(a) Again, you are correct that water and soap can sufficiently clean a knife in order for it to be used to cut something else. This is implied by the statement of cutting something mild and parvah after cutting meat before cutting something else in order to clean the knife. In other words, if bread or celery will clean the knife, kol she-ken (“all the more so”) will warm water and detergent clean it. In fact, the use of detergent has the added benefit that it nullifies any remaining meat residue, even if it remains on the knife since chemicals are generally regarded to be pogem eth ha-ta`am (“destroys the flavor”), and such “destroyed flavor” (ta`am nifgham) is considered halakhically insignificant. This is also why it is permissible to wash both meat and dairy dishes in the same sink – and even at the same time – as long as the water is not boiling and dish detergent is used.

      (b) And this brings me to my next point: chemical processes, microscopes, and residue swabs are NOT figured into halakhah. Therefore, whether fat can be detected chemically is 100% irrelevant to whether or not such fat particles are halakhically significant. The Torah, being a naturalistic legal system – i.e. needing little or no artificial instrumentation to determine a pesaq – its verities are determined by the naked senses alone. This means, chiefly, what the eye sees (i.e. shalta be-`eyna), what the ear hears (i.e. mashmia` ozen), and what the mouth tastes (i.e. akhilah and ta`am). This is also the reason, as stated by the ge’oniym, that Torah measured things in terms of eggs, olive, and other common agricultural measurements. So strong is the command to determine things by the senses rather than scientific means that even when Hazal were absolutely certain how to determine the calendar year within seconds of scientific accuracy when measured with instruments, they nevertheless declared it in accordance with the physical sighting of the new moon by witnesses. In fact, in the Gemara there is a recorded dispute between Rebbi Yehoshua` and the beyth diyn over which day should be the first day of Tishrey wherein in the nasiy of the beyth diyn explicitly goes with a less-compelling set of circumstances, based on a sighting by witnesses, over the scientific “calculation” [heshbon] of Rebbi Yehoshua` (cf. b.Rosh HaShanah 25a). The nasiy commanded him to appear before him with staff and money-bag on the day in which he reckoned it should be Yom HaKiypurriym (see there)! The reasons behind this principle are a bit complex and will have be left, perhaps, for another time.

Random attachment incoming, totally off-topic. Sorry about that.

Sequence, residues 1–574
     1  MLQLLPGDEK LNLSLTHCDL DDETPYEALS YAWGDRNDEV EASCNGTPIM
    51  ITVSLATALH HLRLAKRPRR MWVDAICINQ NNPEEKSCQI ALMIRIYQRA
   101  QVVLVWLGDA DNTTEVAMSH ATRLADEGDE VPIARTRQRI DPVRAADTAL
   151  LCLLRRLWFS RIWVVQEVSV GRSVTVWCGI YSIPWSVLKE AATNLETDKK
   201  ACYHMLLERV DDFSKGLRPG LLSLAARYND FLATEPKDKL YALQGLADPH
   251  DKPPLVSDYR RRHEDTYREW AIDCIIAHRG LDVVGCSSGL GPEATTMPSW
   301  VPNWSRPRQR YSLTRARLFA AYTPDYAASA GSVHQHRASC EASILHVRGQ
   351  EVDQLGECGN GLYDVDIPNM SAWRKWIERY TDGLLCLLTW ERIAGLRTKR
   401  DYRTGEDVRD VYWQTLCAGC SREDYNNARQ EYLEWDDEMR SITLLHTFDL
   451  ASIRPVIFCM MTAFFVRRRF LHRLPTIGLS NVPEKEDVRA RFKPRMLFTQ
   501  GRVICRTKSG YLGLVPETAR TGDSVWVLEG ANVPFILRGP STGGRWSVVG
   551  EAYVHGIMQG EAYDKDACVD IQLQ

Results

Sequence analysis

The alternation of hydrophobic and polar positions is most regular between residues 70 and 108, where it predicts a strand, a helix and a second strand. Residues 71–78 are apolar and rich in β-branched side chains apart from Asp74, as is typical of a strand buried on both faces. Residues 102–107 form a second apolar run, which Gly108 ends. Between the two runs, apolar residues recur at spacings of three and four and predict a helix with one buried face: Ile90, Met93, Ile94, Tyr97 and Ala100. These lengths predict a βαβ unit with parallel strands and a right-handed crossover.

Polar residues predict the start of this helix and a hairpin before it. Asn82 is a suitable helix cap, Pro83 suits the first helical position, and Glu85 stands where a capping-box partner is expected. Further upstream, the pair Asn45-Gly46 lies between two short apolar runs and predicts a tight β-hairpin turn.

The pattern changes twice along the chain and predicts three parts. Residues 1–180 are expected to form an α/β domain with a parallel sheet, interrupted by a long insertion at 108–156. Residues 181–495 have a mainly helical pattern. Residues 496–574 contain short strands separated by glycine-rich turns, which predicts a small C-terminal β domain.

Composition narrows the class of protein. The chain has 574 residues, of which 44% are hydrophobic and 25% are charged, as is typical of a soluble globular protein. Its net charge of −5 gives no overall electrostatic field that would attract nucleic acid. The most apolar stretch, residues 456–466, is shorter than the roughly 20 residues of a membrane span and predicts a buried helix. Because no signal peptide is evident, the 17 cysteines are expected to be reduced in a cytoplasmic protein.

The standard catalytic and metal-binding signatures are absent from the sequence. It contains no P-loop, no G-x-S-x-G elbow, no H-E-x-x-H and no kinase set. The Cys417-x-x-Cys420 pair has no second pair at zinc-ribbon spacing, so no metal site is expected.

(c) You are incorrect, however, regarding the knowledge of the “ancient rabbis” regarding residues and even chemical processes. Archaeology and historical research shows that the ancients were at times more commonly versed in some of these things than we are today. The Talmudh discusses residue, fat, washing, soaps, etc. And as for modern-day rabbis “changing the halakhah,” I have good news: there is no need to “change” anything! Sefaradiy and Yemenite rabbaniym have held like this for many centuries, even until today. In fact, those that insist on adding unnecessary stringencies are the ones guilty of changing the halakhah since this was also the position of Hazal on the matter, as can be clearly seen from the Gemara in question.

      (d) We do not use two sets of knives or stainless steel cookware in our home. Most of our cookware is baking glass and Corelle, but the metal (stainless steel) pots used for boiling, etc. we use for both meat and dairy, washing them and scouring them in between. What we do separate are a couple of steel pans that we use for searing and broiling which become extremely dirty and do not come completely clean. We also separate plastic, but not silicone. My practical opinions on the matter are similar – although a bit more relaxed by comparison – as those expressed by Rav Yitzchak Abadi shlit”a of Jerusalem (see here). It should noted that when we cook for guests we use either foil pans or glassware, which is deemed acceptable by most everyone.

      [3] Nope, it was just Europe, and then only parts of Europe, who were so strict about glass. The Ra’avyah discusses the ubiquitous use of glassware and brings proofs for it in his halakhic compendium. He was an exact contemporary of the Rambam, only he was in France/Germany. Mainstream modern practice stems mainly from relatively late Hasidic influences on Ashkenaziy halakhic considerations and the comments of the Rema. The Jews of Spain (Iberia), Yemen, North Africa, and the Levant held similarly to what has been laid out here.

      Hope this is clear and has helped.

      All the best,

      Shabbath shalom,

      YB